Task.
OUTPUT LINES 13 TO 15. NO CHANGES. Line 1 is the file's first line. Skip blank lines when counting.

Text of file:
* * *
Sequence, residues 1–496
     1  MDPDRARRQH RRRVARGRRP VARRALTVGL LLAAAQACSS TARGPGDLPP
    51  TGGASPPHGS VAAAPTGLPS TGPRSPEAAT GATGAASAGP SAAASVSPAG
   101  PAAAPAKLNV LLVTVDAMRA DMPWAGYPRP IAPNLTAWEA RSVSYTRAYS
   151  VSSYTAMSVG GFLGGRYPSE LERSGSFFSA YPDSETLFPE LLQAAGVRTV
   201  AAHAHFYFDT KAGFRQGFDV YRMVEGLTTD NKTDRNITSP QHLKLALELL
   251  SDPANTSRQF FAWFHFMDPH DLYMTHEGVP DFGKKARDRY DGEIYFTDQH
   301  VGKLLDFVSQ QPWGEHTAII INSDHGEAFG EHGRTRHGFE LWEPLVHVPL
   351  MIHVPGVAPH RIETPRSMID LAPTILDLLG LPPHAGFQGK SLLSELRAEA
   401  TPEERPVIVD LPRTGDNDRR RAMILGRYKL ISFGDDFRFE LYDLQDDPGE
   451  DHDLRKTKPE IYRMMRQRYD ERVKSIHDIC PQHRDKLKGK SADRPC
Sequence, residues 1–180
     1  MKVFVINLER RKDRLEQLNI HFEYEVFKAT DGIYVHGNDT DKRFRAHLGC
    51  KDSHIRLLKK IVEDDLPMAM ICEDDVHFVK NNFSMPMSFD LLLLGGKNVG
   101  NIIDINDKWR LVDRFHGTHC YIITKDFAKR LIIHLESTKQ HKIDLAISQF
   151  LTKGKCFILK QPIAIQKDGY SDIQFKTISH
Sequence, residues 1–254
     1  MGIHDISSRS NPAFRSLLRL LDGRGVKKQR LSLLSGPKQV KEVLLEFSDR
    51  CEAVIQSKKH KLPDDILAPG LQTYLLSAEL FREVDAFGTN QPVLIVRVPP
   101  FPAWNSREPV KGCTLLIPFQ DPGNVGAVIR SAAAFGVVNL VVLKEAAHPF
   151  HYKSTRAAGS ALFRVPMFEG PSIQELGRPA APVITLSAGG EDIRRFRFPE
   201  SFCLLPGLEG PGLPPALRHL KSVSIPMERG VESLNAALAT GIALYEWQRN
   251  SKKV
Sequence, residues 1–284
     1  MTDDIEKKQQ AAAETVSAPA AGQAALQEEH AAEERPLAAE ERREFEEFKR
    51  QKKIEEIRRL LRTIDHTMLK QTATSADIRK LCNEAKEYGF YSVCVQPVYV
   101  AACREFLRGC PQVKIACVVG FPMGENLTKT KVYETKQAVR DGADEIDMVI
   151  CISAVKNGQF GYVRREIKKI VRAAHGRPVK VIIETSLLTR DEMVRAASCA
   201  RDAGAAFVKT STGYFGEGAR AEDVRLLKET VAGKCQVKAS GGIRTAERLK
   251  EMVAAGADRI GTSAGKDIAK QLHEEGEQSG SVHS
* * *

     1  MKVFVINLER RKDRLEQLNI HFEYEVFKAT DGIYVHGNDT DKRFRAHLGC
    51  KDSHIRLLKK IVEDDLPMAM ICEDDVHFVK NNFSMPMSFD LLLLGGKNVG
   101  NIIDINDKWR LVDRFHGTHC YIITKDFAKR LIIHLESTKQ HKIDLAISQF